Our updated full-year guidance for cash flow from operating activities net of financing activities is for $200 million to $210 million, which is $20 million less than our previous guidance. At the high-end of our range, our outlook for net income without items is about $12 million less than our previous guidance and close to $10 million of this is from worse FX.

Beyond this, there’s also an incremental impact on cash flow from FX in that we generate most of our cash in the back half of the year. As is normal for us, we had an outflow cash in the first quarter when rates were much stronger than now.

Our expectation for capital spending is now to be in the $85 million to $90 million range. I would also like to speak to our expectations for capital spending in futures to highlight that in the intermediate term, we would expect to be able to back off of this year’s spending and instead, operate more in the $70 million to $80 million per year range.

Finally, a word on share repurchases and our use of available cash. You saw in our release in addition to the $75 million that we spent on share repurchases in the first half of the year, we expect to repurchase $25 million to $50 million worth of shares in the third quarter and then $75 million to $100 million worth of shares in the fourth quarter.

At the high-end of this range then or $200 million, together with about $75 million worth of dividends, we will have paid out in one way or another to our shareholders about $5 per share this year.

And so on that happy note, we’re going to turn the call over for questions. Alicia?

Question-and-Answer Session


(Operator Instructions) And your first question comes from the line of Olivia Tong with Bank of America-Merrill Lynch.

Olivia Tong – Bank of America - Merrill Lynch

Thank you very much. Appreciate it. I wanted to start, considering the tough global macro backdrop, your Q2 results of plus five, they were certainly strong in the absolute. But there are clearly incremental headwinds and so can you talk a little bit about what gives you confidence that you can accelerate that growth rate from the plus five to the plus five to plus five to seven that you’re expecting in Q3?

What actions are you taking? What can you do to offset -- and what can you do to offset those incremental head winds? Thanks so much.

Rick Goings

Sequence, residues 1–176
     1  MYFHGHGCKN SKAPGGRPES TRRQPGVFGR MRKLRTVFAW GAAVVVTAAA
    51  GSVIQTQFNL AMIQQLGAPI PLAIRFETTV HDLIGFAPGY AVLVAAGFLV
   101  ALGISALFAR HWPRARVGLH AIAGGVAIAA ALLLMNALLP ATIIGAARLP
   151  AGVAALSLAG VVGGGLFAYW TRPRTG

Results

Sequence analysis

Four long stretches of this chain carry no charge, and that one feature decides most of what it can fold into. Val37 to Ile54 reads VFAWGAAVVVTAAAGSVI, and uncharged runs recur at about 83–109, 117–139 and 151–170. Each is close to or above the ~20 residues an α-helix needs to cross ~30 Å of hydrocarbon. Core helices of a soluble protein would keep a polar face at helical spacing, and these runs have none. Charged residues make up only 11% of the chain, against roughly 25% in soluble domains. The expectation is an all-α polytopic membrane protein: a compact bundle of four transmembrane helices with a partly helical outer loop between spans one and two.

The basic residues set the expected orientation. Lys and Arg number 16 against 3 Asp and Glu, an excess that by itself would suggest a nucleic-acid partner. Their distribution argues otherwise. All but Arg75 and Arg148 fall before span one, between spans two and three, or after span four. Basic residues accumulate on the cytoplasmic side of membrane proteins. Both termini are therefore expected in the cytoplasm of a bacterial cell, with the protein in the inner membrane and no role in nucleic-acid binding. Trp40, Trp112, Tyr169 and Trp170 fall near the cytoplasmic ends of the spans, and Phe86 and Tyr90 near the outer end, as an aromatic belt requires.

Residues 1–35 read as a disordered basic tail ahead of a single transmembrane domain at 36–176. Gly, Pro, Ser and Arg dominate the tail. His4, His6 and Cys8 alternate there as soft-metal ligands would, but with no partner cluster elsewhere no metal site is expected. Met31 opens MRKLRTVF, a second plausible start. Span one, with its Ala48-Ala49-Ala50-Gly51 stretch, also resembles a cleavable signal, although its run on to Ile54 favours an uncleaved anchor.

Good morning, Olivia. Yeah, first thing, what is -- you heard Mike talk about raising 50 basis points per year profitability. And part of that is part of your question. The issue isn’t we’re not going to grow our gross margins much. We were comfortable where we are. It’s that we don’t have all of our businesses doing the 15% ROS that we think is minimum price of entry. And I can take you through. I mean, our U.S. business is not at that rate.

Specific things that we’re doing in the U.S., I think I have already mentioned. It is the focus there primarily is the Hispanic market in the U.S. It is a tough operating environment. But we feel good about that U.S. business. It’s profitable but it’s not 15%.

BeautiControl actually lost money last year. We’ve got to get BeautiControl going the right direction. I was pleased -- when we took over that company, it was about in the high $50 million range. It’s still $100 million company, but we grew that thing to $140 million. And I would tell you all the mistakes at BeautiControl, there were no externals. It was -- we take full responsibility, missteps, put the wrong people in there, made some structure changes that we shouldn’t have made.

So that’s an issue. If I bifurcate the world’s markets then into two kinds, the emerging markets and the established markets, over the last 10 years, what we really focused on in established markets, what is the formula to get these businesses where we’re already highly penetrated, get deeper into those. So we still had some runway to grow.

We perfected that initially in Australia, moved it to France and we’ve doubled our business in France over this last decade. And now we got Germany back on the track again. So I think, Olivia, we have in our quiver, we’ve got the formula. How do you contemporize an established market?

With regard to emerging markets, we already knew how to do that. But as we’re doing these emerging markets, we’re taking a lot of the lessons that we’ve learned with our established markets so as these markets mature, we continue strong double-digit growth. So that’s what it’s going to take. Moving some of these that are in the penalty box to get there, not only their topline growing but to get their 15% ROS and that’s when you see the rest of the portfolio really kick in.